Woolworths Limited shoots itself in the foot

Credit: Scott Lewis

If reports are true, supermarket retailer Woolworths Limited (ASX: WOW) is about to seriously damage its relationship with suppliers, and likely extending the recovery timeframe.

The Australian Financial Review (AFR) reports that the retailer is looking at extending its payments to food and grocery suppliers to 60 days – two or three times longer than payment terms with rival Coles – owned by Wesfarmers Ltd (ASX: WES). Woolworths goal is to free up cash and improve its working capital.

The longer it can hang on to cash that is due to be paid out, the more benefits Woolworths can get out. The AFR reports that industry sources say Woolworths has a project team looking at legacy supplier terms who may currently be on 30-day terms – and identifying which ones can be pushed out to 60 days.

The AFR also reports that Woolworths is delaying payments to some suppliers by months – with one supplier saying that its terms are 28 days, but it has invoices that are 90 to 120 days old. Another supplier says that in some weeks they would be chasing 30 invoices at Woolworths and Masters.

Coles has much shorter trading terms ranging between 10 and 30 days, Wesfarmers finance director Terry Bowen has told the AFR. In some cases, where suppliers are fresh, they need very short terms – close to a week Mr Bowen says.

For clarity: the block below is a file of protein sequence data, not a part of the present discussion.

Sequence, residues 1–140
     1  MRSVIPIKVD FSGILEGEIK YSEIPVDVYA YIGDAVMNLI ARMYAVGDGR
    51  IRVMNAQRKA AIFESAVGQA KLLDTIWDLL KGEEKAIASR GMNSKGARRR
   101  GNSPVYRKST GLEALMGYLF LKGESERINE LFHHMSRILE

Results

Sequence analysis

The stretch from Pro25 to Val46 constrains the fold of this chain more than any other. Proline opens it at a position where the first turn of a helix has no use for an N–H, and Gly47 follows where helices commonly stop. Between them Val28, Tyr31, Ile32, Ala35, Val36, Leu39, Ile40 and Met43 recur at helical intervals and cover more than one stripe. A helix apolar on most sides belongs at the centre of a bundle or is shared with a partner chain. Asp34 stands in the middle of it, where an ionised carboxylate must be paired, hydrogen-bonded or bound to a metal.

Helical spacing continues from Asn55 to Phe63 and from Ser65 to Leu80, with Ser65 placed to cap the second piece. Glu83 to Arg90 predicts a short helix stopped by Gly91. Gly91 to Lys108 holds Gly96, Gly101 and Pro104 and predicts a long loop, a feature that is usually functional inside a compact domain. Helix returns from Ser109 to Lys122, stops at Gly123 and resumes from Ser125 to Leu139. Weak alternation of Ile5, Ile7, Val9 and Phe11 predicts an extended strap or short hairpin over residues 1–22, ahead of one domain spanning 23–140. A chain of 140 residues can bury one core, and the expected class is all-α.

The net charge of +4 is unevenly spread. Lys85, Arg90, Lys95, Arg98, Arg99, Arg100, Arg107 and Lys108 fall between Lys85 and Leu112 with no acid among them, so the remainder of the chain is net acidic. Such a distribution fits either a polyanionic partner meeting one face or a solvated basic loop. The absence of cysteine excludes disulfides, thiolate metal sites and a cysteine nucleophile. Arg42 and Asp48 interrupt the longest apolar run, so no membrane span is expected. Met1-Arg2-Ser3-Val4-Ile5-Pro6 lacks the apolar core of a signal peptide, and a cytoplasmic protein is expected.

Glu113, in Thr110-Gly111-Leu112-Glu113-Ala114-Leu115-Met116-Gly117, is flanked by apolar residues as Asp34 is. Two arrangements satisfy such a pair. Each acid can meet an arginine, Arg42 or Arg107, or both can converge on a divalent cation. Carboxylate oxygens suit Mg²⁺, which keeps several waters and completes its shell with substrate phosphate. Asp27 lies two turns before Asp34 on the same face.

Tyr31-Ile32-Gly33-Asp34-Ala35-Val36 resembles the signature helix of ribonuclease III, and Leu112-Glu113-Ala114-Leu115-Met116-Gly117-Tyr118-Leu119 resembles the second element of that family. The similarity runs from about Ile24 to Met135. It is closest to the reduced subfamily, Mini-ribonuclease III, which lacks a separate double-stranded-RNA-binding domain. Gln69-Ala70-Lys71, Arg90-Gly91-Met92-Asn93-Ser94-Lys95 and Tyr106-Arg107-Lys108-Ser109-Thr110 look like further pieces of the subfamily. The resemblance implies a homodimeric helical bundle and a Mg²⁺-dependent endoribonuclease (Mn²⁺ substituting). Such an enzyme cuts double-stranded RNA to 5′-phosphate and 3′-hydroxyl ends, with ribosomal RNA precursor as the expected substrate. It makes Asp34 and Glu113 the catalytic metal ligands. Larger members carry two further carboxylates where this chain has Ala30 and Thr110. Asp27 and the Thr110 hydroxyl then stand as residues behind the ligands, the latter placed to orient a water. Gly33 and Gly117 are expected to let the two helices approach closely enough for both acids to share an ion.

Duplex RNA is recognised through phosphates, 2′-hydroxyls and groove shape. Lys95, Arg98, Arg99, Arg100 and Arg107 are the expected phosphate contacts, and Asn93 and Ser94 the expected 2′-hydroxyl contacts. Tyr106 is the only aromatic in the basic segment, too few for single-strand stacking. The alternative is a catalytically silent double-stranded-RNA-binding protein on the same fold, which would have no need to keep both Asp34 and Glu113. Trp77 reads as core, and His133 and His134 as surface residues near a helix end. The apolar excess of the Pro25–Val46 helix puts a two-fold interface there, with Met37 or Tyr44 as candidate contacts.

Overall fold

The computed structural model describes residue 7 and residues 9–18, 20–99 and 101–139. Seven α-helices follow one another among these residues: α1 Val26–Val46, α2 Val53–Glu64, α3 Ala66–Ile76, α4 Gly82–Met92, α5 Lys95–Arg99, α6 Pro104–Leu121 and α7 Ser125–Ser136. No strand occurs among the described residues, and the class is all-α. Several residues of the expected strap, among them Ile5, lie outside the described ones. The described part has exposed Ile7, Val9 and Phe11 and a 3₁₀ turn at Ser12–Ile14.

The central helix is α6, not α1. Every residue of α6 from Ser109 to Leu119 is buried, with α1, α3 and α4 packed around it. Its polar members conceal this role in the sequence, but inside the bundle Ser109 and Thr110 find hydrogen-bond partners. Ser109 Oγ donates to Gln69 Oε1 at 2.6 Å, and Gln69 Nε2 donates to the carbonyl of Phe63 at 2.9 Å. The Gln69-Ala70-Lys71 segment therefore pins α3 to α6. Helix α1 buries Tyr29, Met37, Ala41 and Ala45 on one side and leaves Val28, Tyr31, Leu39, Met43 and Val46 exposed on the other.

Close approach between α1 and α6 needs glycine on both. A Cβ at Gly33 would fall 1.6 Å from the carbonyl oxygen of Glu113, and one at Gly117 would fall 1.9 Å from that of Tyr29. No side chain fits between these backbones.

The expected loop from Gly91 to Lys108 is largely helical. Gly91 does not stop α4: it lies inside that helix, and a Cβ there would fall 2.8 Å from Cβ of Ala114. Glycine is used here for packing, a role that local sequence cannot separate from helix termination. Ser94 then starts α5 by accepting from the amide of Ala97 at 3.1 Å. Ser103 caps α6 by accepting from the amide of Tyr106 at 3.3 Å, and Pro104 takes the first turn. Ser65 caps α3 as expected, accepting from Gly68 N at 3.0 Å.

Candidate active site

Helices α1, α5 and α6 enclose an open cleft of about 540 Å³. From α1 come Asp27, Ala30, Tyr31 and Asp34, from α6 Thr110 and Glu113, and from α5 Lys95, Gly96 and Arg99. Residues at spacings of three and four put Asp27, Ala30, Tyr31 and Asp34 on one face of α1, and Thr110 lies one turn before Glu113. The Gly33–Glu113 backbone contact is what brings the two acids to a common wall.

If the news is true, Woolworths is at high risk of damaging its relationships with its suppliers. If I was a supplier and one supermarket paid me with 30 days and another in 60 days or later, I know which one would get my priority.

And it’s not like Woolworths doesn’t already have longer terms than rival Coles. Woolworths’ average time to pay its suppliers was 51 days in 2015 – compared to 41.5 at Wesfarmers. The AFR reports that Coles’ day creditors are estimated to be just 20 days.

Foolish takeaway

Personally, I think the move is totally in the wrong direction. Woolworths needs to be working with its suppliers, not getting them offside. Pushing its weight around will likely backfire. As analysts have suggested, the supermarket retailer needs to focus on lowering prices so it’s more competitive against the likes of Coles, IGA and Aldi. If this is the best idea Woolworths’ management can come up with, I won’t be holding my shares for much longer.

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Motley Fool writer/analyst Mike King owns shares in Woolworths and Wesfarmers. You can follow Mike on Twitter @TMFKinga

Unless otherwise noted, the author does not have a position in any stocks mentioned by the author in the comments below. The Motley Fool Australia has no position in any of the stocks mentioned. We Fools may not all hold the same opinions, but we all believe that considering a diverse range of insights makes us better investors. The Motley Fool has a disclosure policy. This article contains general investment advice only (under AFSL 400691). Authorised by Bruce Jackson.

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